Although their ingredient lists may look similar, the cornbreads of the North and South are as different as Boston and Birmingham. For one thing, white is the cornmeal of choice in Southern-style cornbread. But a few blind taste tests proved that yellow cornmeal, the choice of Northern cornbread lovers, provided more potent corn flavor.
But one concession we couldn’t make was the classic Southern cornbread cooking vessel: a scorching hot, greased cast-iron skillet, which gives it a seriously crunchy, golden crust. Using a combination of oil and butter for greasing the pan (as well as in the batter) strikes the perfect balance of smoke point and flavor—the oil can be heated in the skillet to a high temperature without burning, while the butter adds good flavor.
HOW TO MAKE SOUTHERN-STYLE SKILLET CORNBREAD
1. Preheat the skillet: Heat a 10-inch cast-iron skillet on the middle rack of a 450-degree oven until it is hot, about 10 minutes. If you don’t preheat the pan, the crust of the bread will be soft and pale rather than brown and crunchy.
2. Toast the cornmeal: Toast the cornmeal in the oven (while the skillet is heating up) until it is fragrant and lightly golden, about 5 minutes. Toasting the cornmeal before making the batter deepens its flavor dramatically.
3. Soften the toasted cornmeal with buttermilk: Mix the warm toasted cornmeal with the buttermilk and let it sit for a few minutes to soften before making the batter. If you skip this step, the cornmeal will retain its hard, crunchy texture in the finished bread.
4. Use oil and butter: Add the oil to the hot skillet and continue to heat in the oven until just smoking. When the oil is hot, carefully swirl in the butter to melt. Most of this hot fat is added to the batter, but some of it is left in the pan to ensure a crisp crust and flawless release of the bread after it’s baked. The combination of oil and butter is great because the oil can get very hot without burning, while the butter adds good flavor.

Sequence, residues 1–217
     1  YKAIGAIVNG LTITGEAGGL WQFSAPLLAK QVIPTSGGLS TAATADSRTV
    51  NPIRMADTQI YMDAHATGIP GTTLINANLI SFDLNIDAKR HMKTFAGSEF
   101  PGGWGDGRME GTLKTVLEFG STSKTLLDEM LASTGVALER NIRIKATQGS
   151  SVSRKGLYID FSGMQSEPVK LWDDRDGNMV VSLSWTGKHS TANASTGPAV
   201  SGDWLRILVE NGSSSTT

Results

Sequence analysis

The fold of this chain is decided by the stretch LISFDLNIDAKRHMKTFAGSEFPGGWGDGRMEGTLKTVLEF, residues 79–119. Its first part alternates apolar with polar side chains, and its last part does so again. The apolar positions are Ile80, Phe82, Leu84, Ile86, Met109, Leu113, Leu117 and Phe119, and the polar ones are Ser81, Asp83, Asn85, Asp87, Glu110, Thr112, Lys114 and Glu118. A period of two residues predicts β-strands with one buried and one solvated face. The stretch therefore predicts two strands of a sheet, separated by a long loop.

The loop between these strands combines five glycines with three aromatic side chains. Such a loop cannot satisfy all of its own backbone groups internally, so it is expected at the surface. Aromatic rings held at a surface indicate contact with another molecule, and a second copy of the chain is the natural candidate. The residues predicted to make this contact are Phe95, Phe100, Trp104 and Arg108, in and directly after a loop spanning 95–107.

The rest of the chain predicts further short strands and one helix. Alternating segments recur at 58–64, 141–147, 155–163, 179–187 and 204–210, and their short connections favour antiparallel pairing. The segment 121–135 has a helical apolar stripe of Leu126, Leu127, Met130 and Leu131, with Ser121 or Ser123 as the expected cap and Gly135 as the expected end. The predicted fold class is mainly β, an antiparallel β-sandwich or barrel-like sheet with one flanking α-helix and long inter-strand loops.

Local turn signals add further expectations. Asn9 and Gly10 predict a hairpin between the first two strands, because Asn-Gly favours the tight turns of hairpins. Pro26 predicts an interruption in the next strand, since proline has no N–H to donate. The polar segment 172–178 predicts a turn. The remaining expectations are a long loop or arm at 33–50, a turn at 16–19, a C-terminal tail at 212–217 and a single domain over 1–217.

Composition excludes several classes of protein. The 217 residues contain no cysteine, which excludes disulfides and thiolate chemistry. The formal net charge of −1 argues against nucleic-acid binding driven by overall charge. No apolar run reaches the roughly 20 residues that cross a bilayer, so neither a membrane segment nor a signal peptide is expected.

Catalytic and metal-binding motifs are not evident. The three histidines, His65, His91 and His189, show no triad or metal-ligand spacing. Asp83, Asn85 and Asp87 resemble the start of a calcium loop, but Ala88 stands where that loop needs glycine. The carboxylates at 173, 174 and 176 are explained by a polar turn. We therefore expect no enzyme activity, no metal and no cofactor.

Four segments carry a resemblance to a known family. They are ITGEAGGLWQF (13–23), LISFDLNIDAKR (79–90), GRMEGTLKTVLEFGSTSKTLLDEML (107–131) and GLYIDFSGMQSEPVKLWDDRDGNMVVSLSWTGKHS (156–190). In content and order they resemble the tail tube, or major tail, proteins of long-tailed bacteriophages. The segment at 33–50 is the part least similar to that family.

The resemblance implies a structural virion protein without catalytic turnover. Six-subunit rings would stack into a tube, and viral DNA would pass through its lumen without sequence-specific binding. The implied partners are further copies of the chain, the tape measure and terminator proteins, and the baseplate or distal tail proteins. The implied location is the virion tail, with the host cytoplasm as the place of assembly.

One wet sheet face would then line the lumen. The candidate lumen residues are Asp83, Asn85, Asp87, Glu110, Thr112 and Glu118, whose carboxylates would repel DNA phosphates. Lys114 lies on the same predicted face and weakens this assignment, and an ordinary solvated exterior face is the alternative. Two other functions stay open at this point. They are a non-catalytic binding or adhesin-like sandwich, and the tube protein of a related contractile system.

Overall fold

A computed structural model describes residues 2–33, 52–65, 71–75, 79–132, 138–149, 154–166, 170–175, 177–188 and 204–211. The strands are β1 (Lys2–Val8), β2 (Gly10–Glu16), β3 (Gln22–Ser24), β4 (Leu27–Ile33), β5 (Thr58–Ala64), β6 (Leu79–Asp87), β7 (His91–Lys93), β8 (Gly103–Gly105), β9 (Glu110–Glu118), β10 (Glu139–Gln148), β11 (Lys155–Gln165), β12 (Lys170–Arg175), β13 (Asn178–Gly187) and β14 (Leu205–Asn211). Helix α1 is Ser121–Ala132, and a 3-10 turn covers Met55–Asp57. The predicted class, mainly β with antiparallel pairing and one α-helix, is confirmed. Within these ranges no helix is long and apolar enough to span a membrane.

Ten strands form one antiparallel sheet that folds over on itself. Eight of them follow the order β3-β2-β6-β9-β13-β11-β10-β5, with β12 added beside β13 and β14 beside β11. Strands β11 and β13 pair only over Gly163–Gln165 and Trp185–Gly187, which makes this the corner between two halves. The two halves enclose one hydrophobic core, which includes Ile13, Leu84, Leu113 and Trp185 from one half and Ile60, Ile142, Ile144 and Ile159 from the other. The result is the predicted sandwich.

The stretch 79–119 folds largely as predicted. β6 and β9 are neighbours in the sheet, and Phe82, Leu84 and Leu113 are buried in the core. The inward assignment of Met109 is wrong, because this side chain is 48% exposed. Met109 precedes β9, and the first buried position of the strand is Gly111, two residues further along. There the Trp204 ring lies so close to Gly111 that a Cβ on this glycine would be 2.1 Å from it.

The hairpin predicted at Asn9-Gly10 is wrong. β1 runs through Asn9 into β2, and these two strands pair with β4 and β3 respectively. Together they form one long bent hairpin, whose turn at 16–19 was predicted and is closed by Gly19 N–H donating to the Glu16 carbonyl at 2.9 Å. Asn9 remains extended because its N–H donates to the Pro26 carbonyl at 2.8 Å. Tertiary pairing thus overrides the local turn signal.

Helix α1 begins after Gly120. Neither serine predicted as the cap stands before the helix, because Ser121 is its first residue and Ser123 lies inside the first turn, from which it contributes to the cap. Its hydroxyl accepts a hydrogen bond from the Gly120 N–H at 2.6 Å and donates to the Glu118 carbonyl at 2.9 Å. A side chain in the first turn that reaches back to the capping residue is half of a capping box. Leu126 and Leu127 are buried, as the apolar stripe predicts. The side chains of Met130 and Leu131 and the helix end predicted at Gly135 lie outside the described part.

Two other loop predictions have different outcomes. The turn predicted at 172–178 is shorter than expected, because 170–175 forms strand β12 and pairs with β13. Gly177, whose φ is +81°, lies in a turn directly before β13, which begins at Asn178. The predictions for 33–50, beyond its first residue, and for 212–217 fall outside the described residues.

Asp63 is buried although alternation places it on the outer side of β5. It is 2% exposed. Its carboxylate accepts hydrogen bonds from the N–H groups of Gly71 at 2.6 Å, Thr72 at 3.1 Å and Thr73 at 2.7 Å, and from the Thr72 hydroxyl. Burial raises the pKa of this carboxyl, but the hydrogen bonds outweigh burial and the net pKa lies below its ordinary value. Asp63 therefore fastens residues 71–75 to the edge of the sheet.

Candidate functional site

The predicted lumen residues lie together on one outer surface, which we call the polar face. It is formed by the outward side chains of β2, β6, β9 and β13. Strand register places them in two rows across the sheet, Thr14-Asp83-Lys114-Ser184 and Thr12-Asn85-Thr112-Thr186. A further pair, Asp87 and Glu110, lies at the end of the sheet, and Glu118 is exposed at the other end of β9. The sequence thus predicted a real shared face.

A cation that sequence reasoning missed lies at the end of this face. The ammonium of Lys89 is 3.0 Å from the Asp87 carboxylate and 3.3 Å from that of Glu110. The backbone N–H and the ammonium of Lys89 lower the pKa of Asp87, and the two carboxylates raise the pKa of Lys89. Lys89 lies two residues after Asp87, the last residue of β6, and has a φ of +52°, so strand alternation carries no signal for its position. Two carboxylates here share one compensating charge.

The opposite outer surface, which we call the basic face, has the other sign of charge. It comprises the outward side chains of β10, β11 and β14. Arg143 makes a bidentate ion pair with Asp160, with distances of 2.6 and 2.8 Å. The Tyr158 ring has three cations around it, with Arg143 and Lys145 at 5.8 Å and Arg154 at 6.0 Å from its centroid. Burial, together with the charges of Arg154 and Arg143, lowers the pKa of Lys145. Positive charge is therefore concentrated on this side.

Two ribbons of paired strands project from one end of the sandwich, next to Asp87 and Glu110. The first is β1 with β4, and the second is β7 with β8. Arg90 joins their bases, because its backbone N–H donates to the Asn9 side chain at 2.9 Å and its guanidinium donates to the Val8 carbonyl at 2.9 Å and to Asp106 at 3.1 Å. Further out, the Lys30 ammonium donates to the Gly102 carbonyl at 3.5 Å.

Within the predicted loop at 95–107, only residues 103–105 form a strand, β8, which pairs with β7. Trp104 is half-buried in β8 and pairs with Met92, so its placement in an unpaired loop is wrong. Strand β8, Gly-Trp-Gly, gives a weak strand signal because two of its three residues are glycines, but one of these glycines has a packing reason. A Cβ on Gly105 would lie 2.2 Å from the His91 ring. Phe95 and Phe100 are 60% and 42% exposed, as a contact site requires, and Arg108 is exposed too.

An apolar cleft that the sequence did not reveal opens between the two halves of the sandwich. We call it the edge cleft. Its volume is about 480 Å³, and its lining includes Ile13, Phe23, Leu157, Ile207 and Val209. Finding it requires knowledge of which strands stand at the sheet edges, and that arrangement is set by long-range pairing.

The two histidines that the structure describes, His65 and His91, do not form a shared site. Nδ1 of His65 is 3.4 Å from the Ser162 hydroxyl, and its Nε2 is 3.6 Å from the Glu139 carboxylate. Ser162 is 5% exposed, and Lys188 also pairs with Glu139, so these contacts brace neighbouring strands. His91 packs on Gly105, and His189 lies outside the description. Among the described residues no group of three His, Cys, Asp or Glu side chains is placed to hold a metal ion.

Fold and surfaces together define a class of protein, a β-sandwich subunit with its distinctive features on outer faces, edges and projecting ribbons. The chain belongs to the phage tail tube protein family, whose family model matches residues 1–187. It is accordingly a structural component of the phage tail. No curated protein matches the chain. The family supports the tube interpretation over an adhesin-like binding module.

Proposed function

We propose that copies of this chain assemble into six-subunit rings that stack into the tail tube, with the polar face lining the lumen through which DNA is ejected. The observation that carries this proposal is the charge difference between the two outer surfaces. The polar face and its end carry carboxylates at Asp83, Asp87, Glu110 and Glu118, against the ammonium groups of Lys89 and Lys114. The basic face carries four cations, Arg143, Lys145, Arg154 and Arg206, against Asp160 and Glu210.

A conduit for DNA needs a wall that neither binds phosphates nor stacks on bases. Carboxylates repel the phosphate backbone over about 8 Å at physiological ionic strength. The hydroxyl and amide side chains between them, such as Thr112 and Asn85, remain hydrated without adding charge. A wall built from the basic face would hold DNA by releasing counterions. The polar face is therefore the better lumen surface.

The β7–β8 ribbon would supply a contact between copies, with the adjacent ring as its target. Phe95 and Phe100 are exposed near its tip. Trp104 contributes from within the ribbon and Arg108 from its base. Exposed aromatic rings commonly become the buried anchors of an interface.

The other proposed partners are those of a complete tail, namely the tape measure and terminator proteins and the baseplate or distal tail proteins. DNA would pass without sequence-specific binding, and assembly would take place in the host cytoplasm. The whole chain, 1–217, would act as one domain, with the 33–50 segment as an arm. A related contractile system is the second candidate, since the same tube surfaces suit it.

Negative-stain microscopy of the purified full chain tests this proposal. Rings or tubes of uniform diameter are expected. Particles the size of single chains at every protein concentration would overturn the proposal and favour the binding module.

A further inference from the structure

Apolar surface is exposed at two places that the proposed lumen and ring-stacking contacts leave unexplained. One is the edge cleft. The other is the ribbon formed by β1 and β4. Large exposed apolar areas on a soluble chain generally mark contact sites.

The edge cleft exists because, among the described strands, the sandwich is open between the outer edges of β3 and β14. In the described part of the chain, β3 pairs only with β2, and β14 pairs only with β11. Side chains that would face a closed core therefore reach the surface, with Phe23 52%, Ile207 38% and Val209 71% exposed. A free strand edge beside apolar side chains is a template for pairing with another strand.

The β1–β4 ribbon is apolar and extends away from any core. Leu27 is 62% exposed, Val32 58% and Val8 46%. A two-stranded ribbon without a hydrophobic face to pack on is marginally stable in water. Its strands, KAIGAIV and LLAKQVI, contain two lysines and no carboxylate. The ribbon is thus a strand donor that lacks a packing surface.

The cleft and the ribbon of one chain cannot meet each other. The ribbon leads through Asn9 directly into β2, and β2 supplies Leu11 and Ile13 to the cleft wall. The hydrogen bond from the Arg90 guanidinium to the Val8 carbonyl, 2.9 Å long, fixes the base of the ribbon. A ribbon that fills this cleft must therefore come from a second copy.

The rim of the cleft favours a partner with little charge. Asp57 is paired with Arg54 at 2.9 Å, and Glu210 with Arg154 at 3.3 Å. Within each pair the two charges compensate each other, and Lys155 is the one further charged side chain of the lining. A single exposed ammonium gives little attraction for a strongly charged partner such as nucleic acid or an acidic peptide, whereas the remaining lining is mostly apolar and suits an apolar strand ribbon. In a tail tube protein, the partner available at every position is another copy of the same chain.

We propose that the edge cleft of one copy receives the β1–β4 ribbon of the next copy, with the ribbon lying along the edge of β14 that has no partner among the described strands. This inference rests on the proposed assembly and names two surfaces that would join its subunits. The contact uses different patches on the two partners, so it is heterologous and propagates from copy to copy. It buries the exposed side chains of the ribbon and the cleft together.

5. Add the batter while the skillet is hot: The hot skillet is what gives this bread its crunchy crust, so don’t let it cool off before adding the batter. Bake the cornbread until the top begins to crack and the sides are golden brown, 12 to 16 minutes, rotating the bread halfway through baking.
6. Cool the bread in the skillet, then flip it out: When removing the cornbread from the oven, use good potholders because the skillet is heavy and the handle will be very hot. Let the bread cool in the skillet for 5 minutes, then flip it out onto a wire rack. If you try to flip the bread out before cooling, it will crumble apart.
Want to try it for yourself? Check out our recipe for Southern-Style Skillet Cornbread for free through October 15.